I’ve somehow made it through 5 stories without talking about one of the most famous pathological agents… bacteria. It’s time.
There are plenty of good bacteria – they make yogurt or break down our trash– but the most famous are the bad ones. They have names like E. coli, Staph, and Strep, and we don’t particularly enjoy their presence. Generally, when bacteria invade, the invaded part gets warm, swollen, and tender (though there are many exceptions). Let’s learn more by looking at one particular kind of invasion: a urinary tract infection (UTI).
Jill, sadly, has a UTI. It’s not terribly surprising – one half of women will have a UTI in their lifetimes (though men are susceptible, too), and UTIs are one of the most frequent infections in the US (up there with the common cold). To get one, E. coli bacteria must find their way into Jill’s urethra and start migrating up into her bladder.
Usually, that’s a fairly difficult task for the E. coli. A trip to the restroom rinses most bacteria out like the proverbial spider out of a waterspout.
A few things can give the invading E. coli an advantage: injuries to the cells lining the urethra let the bacteria gain a foothold, genetics can make Jill more susceptible2, and some bacteria use hooks like ice climbers to hang on tight to the walls instead of being rinsed off. Poor Jill. These bacteria survive, start to multiply, and continue to trek upwards.
Cells hanging out in Jill’s urethra and bladder realize they’re in trouble and call for HELP. Jill’s body responds by making the blood vessels bigger and leakier in the area, drawing more white blood cells to the bladder and helping them get out of the blood vessels and into the fight. (Meanwhile, the leakiness also lets out plasma and causes swelling in the area.)
Our favorite heroes – the neutrophils – are really here to save the day this time. They essentially smell their way to the bacteria in a process called chemotaxis. Bacteria and the cells sounding the alarm release various chemicals. The neutrophils sense these chemicals and move toward areas where the chemicals are more and more concentrated, which helps them pinpoint the bacterium3.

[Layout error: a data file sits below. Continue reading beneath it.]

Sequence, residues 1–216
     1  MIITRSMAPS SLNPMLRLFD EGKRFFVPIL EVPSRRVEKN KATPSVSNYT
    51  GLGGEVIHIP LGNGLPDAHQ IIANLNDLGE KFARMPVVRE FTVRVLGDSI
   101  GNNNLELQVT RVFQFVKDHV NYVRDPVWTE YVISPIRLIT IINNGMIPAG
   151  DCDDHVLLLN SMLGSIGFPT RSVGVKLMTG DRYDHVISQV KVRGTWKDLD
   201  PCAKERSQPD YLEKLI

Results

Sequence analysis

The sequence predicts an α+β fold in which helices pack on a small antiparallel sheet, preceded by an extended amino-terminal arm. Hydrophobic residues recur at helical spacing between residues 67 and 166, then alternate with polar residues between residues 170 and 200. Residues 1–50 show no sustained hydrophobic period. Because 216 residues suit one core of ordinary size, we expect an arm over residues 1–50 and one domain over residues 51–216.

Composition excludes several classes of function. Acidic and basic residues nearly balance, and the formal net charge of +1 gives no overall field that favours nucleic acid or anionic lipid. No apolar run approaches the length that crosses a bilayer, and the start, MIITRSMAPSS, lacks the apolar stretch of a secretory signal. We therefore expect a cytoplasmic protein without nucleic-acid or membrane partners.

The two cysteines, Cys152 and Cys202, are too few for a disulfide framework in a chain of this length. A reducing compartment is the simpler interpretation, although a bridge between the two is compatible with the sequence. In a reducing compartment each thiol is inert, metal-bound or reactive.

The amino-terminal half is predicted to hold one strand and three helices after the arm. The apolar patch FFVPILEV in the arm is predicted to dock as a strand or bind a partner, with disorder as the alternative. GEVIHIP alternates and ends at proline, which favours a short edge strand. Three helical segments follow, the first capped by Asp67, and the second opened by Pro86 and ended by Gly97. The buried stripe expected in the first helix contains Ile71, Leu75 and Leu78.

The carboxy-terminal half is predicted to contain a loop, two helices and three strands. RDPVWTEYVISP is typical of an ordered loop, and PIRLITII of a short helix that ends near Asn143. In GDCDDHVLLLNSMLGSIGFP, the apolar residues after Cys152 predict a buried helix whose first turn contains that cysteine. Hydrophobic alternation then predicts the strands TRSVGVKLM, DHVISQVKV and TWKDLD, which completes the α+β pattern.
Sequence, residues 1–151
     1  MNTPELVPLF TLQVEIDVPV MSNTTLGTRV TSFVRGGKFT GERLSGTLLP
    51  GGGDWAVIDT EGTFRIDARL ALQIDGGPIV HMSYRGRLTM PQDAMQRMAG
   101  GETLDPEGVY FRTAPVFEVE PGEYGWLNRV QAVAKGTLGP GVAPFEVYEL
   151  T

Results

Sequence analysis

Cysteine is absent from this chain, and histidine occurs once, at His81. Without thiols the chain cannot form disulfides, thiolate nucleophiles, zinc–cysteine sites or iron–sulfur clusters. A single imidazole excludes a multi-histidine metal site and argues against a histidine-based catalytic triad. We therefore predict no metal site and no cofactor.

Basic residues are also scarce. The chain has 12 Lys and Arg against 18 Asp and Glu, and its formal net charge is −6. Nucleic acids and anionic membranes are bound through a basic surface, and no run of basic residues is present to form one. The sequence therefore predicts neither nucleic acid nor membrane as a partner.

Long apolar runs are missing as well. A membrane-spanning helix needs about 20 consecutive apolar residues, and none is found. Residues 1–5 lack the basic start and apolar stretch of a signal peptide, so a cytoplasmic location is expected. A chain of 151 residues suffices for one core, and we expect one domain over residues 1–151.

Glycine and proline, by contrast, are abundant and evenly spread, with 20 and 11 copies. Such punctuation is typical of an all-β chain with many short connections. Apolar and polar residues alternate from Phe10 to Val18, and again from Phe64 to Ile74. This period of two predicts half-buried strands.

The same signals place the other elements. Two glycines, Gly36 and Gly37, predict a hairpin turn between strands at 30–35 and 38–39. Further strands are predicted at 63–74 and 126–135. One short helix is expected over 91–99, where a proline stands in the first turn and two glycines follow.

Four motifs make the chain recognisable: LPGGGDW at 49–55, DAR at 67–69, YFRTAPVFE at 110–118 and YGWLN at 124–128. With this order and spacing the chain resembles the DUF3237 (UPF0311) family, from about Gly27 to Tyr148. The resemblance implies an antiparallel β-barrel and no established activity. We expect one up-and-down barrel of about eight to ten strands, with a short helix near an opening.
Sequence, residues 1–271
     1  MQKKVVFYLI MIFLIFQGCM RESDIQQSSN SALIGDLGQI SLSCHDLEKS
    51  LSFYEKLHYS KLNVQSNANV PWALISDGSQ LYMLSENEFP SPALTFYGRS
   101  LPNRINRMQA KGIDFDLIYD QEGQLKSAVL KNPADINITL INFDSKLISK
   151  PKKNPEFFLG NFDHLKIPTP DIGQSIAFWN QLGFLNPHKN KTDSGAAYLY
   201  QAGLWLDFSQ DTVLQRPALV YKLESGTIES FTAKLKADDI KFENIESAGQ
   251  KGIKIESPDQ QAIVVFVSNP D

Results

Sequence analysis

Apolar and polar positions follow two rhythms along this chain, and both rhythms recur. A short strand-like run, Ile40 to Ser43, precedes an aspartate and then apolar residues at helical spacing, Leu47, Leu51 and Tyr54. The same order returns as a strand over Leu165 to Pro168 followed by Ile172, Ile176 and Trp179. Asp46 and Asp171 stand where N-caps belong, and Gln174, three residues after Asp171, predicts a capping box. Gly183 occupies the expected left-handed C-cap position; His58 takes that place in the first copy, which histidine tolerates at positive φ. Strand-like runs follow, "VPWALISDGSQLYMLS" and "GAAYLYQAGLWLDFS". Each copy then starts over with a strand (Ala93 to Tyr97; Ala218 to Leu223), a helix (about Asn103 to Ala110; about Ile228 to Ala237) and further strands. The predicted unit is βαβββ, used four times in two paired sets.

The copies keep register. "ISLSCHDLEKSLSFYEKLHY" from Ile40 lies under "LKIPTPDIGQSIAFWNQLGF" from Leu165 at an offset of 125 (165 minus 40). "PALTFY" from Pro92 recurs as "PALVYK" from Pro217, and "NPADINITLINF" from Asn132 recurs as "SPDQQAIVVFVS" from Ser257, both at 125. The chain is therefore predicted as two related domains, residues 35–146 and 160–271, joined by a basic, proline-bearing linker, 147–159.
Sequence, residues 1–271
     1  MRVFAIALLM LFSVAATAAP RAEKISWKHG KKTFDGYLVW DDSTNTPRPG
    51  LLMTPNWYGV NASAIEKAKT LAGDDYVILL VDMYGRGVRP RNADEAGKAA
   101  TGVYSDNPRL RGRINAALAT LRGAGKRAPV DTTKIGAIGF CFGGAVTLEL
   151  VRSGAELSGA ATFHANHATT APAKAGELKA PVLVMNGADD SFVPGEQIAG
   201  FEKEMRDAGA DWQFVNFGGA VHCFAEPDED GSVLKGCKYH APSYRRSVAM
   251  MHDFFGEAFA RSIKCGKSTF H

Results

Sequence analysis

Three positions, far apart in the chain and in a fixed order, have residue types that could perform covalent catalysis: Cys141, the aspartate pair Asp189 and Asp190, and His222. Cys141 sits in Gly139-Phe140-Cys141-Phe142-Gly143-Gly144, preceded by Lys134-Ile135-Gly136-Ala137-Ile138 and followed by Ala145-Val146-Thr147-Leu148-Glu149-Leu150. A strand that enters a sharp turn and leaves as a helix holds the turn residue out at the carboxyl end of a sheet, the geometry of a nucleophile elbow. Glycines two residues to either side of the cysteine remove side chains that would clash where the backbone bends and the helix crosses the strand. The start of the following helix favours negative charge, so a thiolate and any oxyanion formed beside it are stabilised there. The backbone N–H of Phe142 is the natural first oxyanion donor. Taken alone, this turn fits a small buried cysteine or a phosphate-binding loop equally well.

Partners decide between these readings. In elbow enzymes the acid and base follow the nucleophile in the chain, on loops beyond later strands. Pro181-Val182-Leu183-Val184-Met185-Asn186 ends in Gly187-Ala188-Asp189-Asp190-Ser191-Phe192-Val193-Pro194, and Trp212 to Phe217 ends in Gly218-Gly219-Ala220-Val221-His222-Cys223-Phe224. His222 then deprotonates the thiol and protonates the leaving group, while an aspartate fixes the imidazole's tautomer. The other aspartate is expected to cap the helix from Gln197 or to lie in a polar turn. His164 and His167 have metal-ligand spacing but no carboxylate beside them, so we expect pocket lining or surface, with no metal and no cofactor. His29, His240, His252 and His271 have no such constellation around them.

The neutrophils then swallow the bacterium whole in a process known as phagocytosis (literally, “cell eating”).
Granules inside the neutrophil then attack the bacterium with various chemicals (including reactive oxygen and lysozyme).
The bacterium dies.
These neutrophils sacrifice their lives to attack the bacteria – once they exit the blood stream, they’ll never return. In a UTI, the dead neutrophils will be rinsed out with the urine. When bacteria invade other locations, the dead neutrophils can pile up to form pus. *Taps plays.* Thank you for your service, White-Hatted Warriors.
Meanwhile, Jill is feeling the urinary urgency, frequency, and pain associated with a urinary tract infection.
Partly, the bacteria are to blame. Their little hooks and attempts to invade the bladder wall irritate the tissue and make it painful to urinate. As urine flows past, the nerve endings feel the need to alert Jill’s brain to the fact that something is injured there.
Party, Jill’s own defense mechanisms are to blame. The swelling associated with bringing the neutrophils to the rescue also pulls on the stretch receptor in her bladder. Normally, a signal from the stretch receptor means that the bladder is getting too full, and so Jill’s brain tells her, “FIND RESTROOM – NOW!” This time, however, the stretch receptor is getting tricked because of the pressure from the swelling and passes the false message on to Jill’s brain, even though she really doesn’t need to go4.